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May Storms Flood CEC with Calls Outage calls and storm shelter inquiries keep co-op employees hopping


T


he destructive storms that swept through Oklahoma the latter part of May downed 35 Choctaw Electric Cooperative power poles and caused widespread outages.


While no tornadoes were reported in the Choctaw Electric Cooperative (CEC) service area, the strong, straight-line winds on May 21 caused trees and limbs to topple into power lines.


Jim Malone, CEC director of operations and engineering, said at one point over 3,000 co-op members were without power. “We had outages from the Farris/Clayton area all the way to Smithville, Broken Bow and Idabel,” Malone said. “We’d get 400 or 500 members back on, and then another 100 would go out somewhere else. It wore our guys out, but they hung in there.”


In the Smithville area, restoration efforts were hindered by heavy flooding. “Our crew waded in to see if there was something they could do, but we had to wait until the water receded,” Malone explained.


Some members in the flood-affected area were without power for up to 52 hours. “Once the water went down and we could get our trucks in there, we were able to get the power back on pretty quickly," Malone said.


The storm caused minor damage to homes, barns and outbuildings as it blew through. This damage,coupled with the terrible news of the Moore tornado, was enough to generate renewed interest in CEC’s storm shelter program.


Jennifer Boling, coordinator of the program, said her phone rang of the hook and has not let up. “I cannot keep up with the number of calls and questions,” she said. “Finally, I created an answering message directing people to our website or asking them to leave their contact information so I can return their call later. It’s been wild.”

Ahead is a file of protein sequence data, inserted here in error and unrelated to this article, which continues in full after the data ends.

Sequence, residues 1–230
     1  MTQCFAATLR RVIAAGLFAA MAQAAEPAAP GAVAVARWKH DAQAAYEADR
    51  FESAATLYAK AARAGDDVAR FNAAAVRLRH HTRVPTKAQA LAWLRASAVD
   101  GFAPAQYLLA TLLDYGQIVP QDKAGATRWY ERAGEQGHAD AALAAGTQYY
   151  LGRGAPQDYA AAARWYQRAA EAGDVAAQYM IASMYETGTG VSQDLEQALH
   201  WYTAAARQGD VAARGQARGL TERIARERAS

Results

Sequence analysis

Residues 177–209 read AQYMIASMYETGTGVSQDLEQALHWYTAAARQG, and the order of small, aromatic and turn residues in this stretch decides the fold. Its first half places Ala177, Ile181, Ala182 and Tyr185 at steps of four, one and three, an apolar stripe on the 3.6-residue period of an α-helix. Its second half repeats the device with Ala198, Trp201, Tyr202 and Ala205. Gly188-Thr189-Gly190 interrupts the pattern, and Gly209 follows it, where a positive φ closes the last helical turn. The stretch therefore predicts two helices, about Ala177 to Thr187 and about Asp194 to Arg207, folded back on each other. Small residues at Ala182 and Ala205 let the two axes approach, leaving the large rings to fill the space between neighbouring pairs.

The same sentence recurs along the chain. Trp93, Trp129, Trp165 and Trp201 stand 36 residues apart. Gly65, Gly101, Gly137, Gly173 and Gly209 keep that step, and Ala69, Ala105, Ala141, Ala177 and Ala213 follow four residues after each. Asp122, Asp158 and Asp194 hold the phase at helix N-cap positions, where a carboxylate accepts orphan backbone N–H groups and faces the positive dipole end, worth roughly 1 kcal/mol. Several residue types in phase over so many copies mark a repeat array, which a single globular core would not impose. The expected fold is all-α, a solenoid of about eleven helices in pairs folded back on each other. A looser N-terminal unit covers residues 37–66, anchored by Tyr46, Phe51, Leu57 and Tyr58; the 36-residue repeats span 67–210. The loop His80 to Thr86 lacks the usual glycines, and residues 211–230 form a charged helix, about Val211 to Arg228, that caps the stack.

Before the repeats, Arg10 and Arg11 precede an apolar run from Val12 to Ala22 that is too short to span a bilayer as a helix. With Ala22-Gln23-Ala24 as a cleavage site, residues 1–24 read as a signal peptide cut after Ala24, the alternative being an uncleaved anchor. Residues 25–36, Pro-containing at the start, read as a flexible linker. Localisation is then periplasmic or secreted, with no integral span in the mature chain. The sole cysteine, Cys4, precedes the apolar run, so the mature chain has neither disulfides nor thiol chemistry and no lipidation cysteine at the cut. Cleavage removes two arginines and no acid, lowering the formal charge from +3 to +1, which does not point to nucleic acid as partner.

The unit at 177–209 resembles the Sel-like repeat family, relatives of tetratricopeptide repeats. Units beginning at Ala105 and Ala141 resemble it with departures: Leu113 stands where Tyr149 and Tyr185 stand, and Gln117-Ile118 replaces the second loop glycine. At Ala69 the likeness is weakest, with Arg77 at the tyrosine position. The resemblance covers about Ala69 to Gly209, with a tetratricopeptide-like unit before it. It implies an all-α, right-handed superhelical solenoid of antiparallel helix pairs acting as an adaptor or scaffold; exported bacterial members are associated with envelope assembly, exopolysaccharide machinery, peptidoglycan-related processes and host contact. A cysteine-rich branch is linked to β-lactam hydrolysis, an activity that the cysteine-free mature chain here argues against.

Since the storm, Boling has issued over 100 storm shelter loan applications to members. At least 35 more loan applications are awaiting board approval—and the calls keep coming in. Boling said she has visited with countless members who would like to know how the shelters are designed, installation costs, and proven safety record.


Members can find information on storm shelter designs, holding capacity, sizes, installation, plus a breakdown of monthly loan payments by visiting the CEC website at www.choctawelectric.coop.


CEC works with two manufacturing companies: Hausner offers inground precast shelters and safe rooms in various


Choctaw Electric crews work to repair service near Rattan after a powerful storm moved through the area on May 21. PHOTO/JENNIFER BOLING, CEC.


sizes. Security Storm Shelters offers inground shelters that are poured on site. They also build above-ground safe rooms. “Both companies produce an excellent storm shelter, but they each offer different design features,” Boling said. “I tell members to read the


brochures and choose the one that best fits their needs and budget.”


CEC has structured the storm shelter loans so that any member can afford to install a storm shelter. "With this program every family on our lines can have a safe, well constructed storm shelter for as low as $48.00 a month," Boling said.


The only downside is you might have to ride out the remainder of this summer without it. "Our waiting list for storm shelter installations runs into October," she explained. "But we still encourage members to fill out their applications. They may have to wait a few months to get their shelter, but after it’s in they have a lifetime of peace of mind. That’s worth waiting for." ■


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